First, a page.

Dr. Aminul Mehedi’s startup company creates environmentally friendly magnetic material that is being used to charge electric cars.
by Tess Fitzhenry
Published January 27, 2022
The work of University of Minnesota alumnus Dr. Aminul Mehedi in the material science field is motivated by one simple goal: mitigating climate change.
In order to achieve this goal, Mehedi has researched and developed new soft magnetic material that is capable of charging electric vehicles and other products. Mehedi’s business startup, CM Materials, received a $100,000 Encouraging Development, Growth and Expansion (EDGE) grant on Dec. 16 to continue this research and product development.
The grant will allow the startup to demonstrate how magnetic cores and powder can charge electric vehicles and be put to use in other devices.
“The EDGE Grant program is incredibly competitive,” said Jordan Schulties, division director of the Delaware Division of Small Business, the organization that awarded the grant. “Dr. Mehedi and his team successfully demonstrated that the work CM Materials is doing to help power devices in a more efficient and sustainable way will allow the company to stand out from its competitors as it takes its product to market.”
After coming to the University in 2012 from Bangladesh seeking a master’s and doctorate degree in material science and engineering, Mehedi worked alongside his advisor, electrical and computer engineering professor Jian-Ping Wang, as a researcher in his lab for six years.
Mehedi worked with soft magnetic material during his graduate program at the University, and eventually went on to win the Minnesota Cup Student Division in 2016, a large business startup competition for a new soft magnetic material called “Minnealloy.” This technology was eventually licensed to Seagate.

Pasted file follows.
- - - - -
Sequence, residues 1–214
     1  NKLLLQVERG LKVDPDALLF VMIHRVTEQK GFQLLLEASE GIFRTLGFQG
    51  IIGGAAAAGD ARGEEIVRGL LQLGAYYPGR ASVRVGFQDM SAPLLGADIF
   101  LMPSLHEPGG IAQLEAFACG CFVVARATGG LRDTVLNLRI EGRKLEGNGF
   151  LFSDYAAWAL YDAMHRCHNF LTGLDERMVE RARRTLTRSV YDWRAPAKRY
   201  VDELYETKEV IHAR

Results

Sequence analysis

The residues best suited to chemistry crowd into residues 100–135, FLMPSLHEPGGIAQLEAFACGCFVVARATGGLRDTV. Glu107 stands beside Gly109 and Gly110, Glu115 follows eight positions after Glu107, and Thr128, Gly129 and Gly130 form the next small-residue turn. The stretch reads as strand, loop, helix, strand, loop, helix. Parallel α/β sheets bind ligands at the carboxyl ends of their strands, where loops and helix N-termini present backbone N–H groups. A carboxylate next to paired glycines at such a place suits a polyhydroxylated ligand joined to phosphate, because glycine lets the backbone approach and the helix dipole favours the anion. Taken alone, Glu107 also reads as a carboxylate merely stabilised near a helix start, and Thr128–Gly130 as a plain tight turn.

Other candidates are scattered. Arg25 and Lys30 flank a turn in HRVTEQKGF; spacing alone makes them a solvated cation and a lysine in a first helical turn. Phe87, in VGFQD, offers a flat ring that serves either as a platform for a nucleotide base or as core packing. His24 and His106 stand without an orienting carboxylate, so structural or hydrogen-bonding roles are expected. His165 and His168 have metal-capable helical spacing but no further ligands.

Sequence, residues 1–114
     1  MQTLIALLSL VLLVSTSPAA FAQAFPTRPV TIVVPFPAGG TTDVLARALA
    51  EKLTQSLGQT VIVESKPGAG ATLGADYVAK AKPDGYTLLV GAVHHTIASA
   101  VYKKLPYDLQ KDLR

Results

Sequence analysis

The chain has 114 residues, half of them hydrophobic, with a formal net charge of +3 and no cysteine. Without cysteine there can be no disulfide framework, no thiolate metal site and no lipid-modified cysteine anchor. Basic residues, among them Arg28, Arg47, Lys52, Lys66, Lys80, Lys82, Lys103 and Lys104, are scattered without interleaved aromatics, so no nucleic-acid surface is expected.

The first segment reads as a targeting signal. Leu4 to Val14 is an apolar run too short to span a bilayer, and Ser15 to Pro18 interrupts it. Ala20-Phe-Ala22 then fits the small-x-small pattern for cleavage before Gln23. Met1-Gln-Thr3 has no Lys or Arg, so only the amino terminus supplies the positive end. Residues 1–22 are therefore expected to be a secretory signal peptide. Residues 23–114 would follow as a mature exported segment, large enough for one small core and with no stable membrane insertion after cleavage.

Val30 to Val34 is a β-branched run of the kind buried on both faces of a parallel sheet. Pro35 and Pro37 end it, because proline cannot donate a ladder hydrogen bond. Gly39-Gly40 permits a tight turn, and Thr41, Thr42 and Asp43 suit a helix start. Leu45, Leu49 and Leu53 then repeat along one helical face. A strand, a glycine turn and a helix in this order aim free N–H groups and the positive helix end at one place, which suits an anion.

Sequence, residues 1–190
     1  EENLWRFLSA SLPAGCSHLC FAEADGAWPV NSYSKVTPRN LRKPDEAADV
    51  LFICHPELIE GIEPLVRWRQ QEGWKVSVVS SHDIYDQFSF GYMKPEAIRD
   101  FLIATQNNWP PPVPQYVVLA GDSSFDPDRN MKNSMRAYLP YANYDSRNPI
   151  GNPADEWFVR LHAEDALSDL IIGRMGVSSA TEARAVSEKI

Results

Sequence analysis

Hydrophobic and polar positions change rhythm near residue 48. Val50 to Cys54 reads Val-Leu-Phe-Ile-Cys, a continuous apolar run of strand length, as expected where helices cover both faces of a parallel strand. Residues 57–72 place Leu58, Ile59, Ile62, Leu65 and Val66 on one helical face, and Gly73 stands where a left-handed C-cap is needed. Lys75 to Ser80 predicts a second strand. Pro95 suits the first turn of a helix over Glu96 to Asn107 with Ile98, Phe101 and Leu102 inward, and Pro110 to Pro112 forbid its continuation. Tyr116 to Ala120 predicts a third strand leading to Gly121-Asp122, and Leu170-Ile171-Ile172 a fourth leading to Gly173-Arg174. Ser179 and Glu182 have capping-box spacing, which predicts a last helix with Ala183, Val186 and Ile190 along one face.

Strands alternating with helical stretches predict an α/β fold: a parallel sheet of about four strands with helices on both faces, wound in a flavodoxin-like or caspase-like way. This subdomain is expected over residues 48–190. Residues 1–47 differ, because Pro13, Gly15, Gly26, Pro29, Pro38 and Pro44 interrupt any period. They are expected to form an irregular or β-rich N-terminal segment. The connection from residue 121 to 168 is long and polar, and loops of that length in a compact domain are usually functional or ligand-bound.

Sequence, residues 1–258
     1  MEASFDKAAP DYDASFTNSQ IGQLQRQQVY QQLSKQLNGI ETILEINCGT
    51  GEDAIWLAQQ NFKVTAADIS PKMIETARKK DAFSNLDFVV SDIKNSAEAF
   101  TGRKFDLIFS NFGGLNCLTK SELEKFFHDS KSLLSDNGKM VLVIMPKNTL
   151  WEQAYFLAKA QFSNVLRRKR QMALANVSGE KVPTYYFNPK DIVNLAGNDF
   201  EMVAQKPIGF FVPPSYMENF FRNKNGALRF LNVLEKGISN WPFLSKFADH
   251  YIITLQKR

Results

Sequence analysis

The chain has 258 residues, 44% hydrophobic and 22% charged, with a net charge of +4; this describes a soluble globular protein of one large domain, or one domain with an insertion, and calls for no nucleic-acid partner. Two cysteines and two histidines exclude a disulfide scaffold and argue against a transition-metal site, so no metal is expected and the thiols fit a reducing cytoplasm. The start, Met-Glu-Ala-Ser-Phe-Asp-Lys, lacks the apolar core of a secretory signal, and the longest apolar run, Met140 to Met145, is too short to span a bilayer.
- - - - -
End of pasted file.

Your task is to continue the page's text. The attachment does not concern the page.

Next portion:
Mehedi also worked for the electric vehicle company Tesla and Carpenter Technology, a material manufacturing company.
Now, Mehedi’s Delaware-based company is looking to put new technology, called CleanMag, on the market for other investors, Mehedi said.
“If you need to generate, distribute or convert power, you use motors, inverters or transformers, which our electromagnetic material goes into,” Mehedi said.
The charging systems in electric vehicles rely on electromagnetic components to operate. The technology developed by Mehedi is 50% smaller and approximately 25% more efficient than competing technologies.
“I saw a gap in the market and wanted to solve it, after experiencing the customer [demand] side as well as the challenges of creating materials to provide,” Mehedi said.
By using sustainable materials and making devices smaller, there is less electric current operating in the car, which ultimately reduces energy consumption.
With its magnetic efficiency, this green technology has the ability to reduce Co2 emissions by 2.6 billion tonnes by 2050, according to Mehedi.
“I understand I am only one person and there is only so much that I can do in helping the climate crisis, but you can start small,” Mehedi said.
The United States is not considered an industry leader in this technology, as most of the soft magnetic materials in the world are controlled by China, Japan and Germany, Mehedi said. As electric cars and products become more prominent, it will be critical for the United States to have access to technology like that developed by Mehedi.
“He is a very unique student, in the way that he has a strong passion for research and learns quickly,” Wang said of his interactions with Mehedi. “I observed that he always wants to help the people as if the research can go one more step so that it can be used further on and then see what it can become.”
During his time as a University student, Mehedi was not only invested in developing new research, but also had kind interactions with those around him, Wang said.
“He represents a strong mannered program for magnetic material research,” Wang said. “He carried these forward towards application. As a professor, we want to see that.”